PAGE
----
Then, Chicklis’ body was found by a jogger on July 10, 2018, in a state of decomposition on the side of Route 119 in Rindge. His remains were wrapped in a blanket, a tarp, and a beige canvas sheet, medical examiner Jennie Duval previously testified, as well as placed into garbage bags that were duct-taped. A shirt with his remains had 12 slit marks.
McLaughlin asked Enright if she could have knocked on her neighbor’s door, called 911 or gone to the police station for help after what happened in the treehouse. She said she could have, but did not do any of those things. She went to get help from Lind.
The two put Chicklis’ body in the back of Chicklis’ Honda, went to Route 119 and carried him over an embankment to dump the body, she said.
Enright admitted to cleaning the treehouse using a mix of bleach and water but said she did not do it well. Chicklis’ DNA was found in blood spots that had seeped onto the floorboards.
Earlier in the trial, prosecutors have pointed to a document recovered from Enright’s MacBook that focuses on admiration for a person and describes being aroused by an event. It was written on June 28, 2018.
In part, it reads, “It was a form of a present. I did it just for him. That was my intention.” It also describes anxiety around the event and the event becoming a difficult chore.
When McLaughlin asked if Enright was writing about Chicklis, she said the document was about robbing a grave. She said she took bones from an abandoned crypt.
“It’s actually in a box in one of your pictures,” she said referring to the bones, and added, “I was doing anything to focus on not focusing on what had happened,” about the assault.
Enright said she robbed the grave at a local cemetery before June 23, 2018, but didn’t remember the exact date. She said the bones were a gift for Lind but she kept them at her house because she was trying to put them back together.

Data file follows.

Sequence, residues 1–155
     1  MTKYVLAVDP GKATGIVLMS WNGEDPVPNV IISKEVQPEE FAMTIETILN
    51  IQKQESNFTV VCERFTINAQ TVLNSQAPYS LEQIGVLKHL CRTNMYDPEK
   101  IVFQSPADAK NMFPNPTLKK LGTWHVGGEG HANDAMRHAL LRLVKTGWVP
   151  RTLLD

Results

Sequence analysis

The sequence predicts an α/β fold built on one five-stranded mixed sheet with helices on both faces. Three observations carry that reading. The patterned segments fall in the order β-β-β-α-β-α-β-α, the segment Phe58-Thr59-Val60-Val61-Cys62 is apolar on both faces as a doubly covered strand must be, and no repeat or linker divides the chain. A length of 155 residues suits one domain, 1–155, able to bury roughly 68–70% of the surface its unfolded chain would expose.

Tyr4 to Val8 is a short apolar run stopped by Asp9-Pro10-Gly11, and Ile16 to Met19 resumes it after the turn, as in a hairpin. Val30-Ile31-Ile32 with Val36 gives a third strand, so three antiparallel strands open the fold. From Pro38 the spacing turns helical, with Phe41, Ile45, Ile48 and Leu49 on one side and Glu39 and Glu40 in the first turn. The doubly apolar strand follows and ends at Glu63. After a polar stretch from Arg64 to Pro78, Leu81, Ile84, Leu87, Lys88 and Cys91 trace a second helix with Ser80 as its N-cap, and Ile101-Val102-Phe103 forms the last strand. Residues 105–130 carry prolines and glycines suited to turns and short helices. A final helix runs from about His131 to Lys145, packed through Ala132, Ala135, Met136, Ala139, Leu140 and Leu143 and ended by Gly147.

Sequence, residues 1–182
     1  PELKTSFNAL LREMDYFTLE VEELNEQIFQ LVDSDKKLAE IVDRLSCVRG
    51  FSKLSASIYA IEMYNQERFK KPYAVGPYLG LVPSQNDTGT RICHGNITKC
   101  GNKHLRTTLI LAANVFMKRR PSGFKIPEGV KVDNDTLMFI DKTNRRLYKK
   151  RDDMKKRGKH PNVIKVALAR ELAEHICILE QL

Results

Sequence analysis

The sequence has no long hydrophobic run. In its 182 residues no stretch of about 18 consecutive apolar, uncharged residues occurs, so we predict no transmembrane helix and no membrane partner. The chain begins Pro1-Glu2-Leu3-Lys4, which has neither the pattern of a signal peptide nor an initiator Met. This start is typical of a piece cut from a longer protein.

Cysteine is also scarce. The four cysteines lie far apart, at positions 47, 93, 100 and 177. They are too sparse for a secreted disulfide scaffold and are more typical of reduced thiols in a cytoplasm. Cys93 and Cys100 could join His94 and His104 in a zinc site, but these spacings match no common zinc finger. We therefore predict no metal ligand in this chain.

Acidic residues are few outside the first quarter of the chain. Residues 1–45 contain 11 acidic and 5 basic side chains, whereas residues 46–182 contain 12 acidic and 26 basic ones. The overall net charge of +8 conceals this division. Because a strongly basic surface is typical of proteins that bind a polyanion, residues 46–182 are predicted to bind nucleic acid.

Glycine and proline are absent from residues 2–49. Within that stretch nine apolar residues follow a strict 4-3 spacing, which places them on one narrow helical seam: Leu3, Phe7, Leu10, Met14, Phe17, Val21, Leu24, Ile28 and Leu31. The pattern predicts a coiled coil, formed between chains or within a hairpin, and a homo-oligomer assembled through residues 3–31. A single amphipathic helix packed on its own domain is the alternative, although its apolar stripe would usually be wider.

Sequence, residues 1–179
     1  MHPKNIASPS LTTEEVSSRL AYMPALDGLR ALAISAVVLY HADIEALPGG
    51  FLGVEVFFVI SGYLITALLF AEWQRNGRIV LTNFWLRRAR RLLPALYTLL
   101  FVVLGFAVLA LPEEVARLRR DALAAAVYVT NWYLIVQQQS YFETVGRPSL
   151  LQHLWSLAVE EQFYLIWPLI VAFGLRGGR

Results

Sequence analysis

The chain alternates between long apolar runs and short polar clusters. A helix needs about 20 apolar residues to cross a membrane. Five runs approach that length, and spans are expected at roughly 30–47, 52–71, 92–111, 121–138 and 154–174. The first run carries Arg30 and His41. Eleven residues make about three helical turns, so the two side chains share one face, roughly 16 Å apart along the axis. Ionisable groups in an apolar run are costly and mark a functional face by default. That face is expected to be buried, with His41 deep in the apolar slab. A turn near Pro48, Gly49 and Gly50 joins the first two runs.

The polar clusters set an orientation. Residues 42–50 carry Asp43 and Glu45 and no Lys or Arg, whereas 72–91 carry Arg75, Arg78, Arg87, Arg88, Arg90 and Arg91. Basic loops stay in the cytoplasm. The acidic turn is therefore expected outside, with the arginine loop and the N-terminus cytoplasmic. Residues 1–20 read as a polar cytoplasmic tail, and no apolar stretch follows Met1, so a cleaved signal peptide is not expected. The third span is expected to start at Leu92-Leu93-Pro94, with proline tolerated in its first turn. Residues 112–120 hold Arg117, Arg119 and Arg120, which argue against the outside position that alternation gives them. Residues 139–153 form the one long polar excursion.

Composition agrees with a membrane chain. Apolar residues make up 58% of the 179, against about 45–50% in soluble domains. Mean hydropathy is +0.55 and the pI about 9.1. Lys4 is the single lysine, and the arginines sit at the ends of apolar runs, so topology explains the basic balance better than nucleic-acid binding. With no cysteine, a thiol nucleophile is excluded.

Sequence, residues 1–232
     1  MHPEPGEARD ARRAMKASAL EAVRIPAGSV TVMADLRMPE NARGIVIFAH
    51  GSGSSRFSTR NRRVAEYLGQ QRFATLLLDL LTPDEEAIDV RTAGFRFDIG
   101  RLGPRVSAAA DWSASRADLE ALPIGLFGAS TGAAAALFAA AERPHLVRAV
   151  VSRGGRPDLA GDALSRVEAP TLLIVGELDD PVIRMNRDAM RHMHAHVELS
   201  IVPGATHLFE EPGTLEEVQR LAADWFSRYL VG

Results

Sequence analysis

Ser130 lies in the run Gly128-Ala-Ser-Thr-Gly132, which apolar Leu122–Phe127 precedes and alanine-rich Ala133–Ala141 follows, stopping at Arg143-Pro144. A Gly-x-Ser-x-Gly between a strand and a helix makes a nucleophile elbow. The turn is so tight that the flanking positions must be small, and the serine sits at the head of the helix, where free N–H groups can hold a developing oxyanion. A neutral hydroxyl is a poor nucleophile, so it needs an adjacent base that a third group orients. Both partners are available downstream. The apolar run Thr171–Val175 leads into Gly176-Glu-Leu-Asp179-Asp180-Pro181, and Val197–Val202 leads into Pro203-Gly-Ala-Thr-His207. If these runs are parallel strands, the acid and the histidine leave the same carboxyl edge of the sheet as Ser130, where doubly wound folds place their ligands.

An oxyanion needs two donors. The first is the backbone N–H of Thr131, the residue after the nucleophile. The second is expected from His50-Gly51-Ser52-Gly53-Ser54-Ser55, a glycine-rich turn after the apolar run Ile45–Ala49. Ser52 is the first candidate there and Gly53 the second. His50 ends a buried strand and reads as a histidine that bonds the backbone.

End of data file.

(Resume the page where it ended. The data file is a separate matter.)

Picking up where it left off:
To end the day Friday, the defense called Jhilam Biswas, a forensic psychiatrist who interviewed Enright nine times for a total of 24 hours.
She explained that at age 21, how old Enright was when Chicklis was killed, the prefrontal cortex part of the brain, which controls executive functioning like planning and making decisions, is not fully developed.
Being pregnant and having an abortion would affect the brain but would not accelerate maturity, Biswas testified.
The trial has included descriptions of Enright’s work as a dominatrix; photos of a bed with restraints, images of bones, vials of blood and decaying animals around Enright’s property; and notes and typed documents. Jurors have also seen video recordings of interviews Enright had with police on July 13, 2018, and on July 23, 2018.
The prosecution has pointed out four handles that were attached to the walls of the treehouse about 6 inches or so above the floorboards.
Earlier this week, a former neighbor of Enright, who lived on the property that contained the treehouse, said she went out to clean the treehouse in fall 2017 and April 2018 and there were no handles inside.
On the stand, Enright said the handles had been there since buying them with a former boyfriend in 2015 and that the neighbor didn’t notice them.
Last week, jurors got a glimpse of the treehouse through pictures taken in 2018 by Massachusetts State Police Trooper Ali Rei. They took a visit to that site and others on Monday.
Also on Monday, a friend of Enright’s testified that Enright had said jail wouldn’t be bad because she could work out and read. She apparently made those comments before and after the death of Chicklis.
The jury has one fewer person than when the trial commenced. Last week, Judge Daniel Wrenn announced that one juror had tested positive for COVID-19. After talking with each juror at sidebar about whether they felt comfortable proceeding, the trial resumed.